UC Santa Barbara has received two gifts totaling more than $317,000 from Harry Lucas Jr., chair of the Educational Advancement Foundation, to renew his support for the Center for Mathematical Inquiry (CMI) in the Department of Mathematics.
The CMI is one of five inquiry-based learning projects established by Lucas and his foundation at major research universities to improve mathematics education. The UCSB center is engaged in teacher education and research on inquiry-based learning practices in K-12 and university mathematics classes. At UCSB, it offers mathematics courses for first-year undergraduates, upper-division math majors, and prospective teachers, as well as postdoctoral training.
Inquiry learning is a form of active learning that emphasizes discovery, analysis, and investigation to deepen understanding of the material and its applications. Progress is assessed by how well students develop experimental and analytical skills. Students learn through guided exploration with the help of experienced instructors, rather than through lectures.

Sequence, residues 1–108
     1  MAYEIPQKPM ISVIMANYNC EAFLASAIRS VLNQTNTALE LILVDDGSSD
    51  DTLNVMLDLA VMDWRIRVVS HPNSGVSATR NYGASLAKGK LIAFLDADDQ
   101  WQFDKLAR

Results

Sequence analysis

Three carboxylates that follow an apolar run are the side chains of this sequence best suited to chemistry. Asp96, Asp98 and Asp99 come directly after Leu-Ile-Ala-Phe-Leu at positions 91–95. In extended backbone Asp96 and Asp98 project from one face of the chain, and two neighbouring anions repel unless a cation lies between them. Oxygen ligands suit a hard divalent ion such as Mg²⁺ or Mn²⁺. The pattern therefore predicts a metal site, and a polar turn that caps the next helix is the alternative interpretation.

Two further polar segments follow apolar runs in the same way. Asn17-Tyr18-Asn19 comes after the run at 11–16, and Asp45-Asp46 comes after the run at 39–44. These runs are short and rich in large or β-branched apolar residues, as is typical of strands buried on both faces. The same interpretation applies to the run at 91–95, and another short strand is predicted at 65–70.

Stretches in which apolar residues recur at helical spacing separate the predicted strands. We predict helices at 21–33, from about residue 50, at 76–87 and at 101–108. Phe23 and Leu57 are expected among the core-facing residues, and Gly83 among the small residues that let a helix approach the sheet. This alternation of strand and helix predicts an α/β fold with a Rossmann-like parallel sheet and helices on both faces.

“The renewed support from Mr. Lucas will ensure the continued development of a research base that examines teaching and learning through inquiry-based practices,” said Bill Jacob, UCSB professor of mathematics and director of the center. “We are learning more about how ideas develop in learners.”
This summer, in collaboration with the Teacher Education Program in UCSB’s Gevirtz Graduate School of Education, the CMI will offer inquiry-based mathematics classes for K-6 students and workshops for schoolteachers at Harding Elementary School in Santa Barbara.
Since 2004, the UCSB center has received nearly $1.5 million from Lucas and the Educational Advancement Foundation to support its work. Other inquiry-based learning projects are located at Harvard University, the University of Michigan, the University of Chicago, and the University of Texas at Austin. Lucas and his foundation support the development and implementation of inquiry-based learning at all educational levels, particularly in the fields of mathematics and science.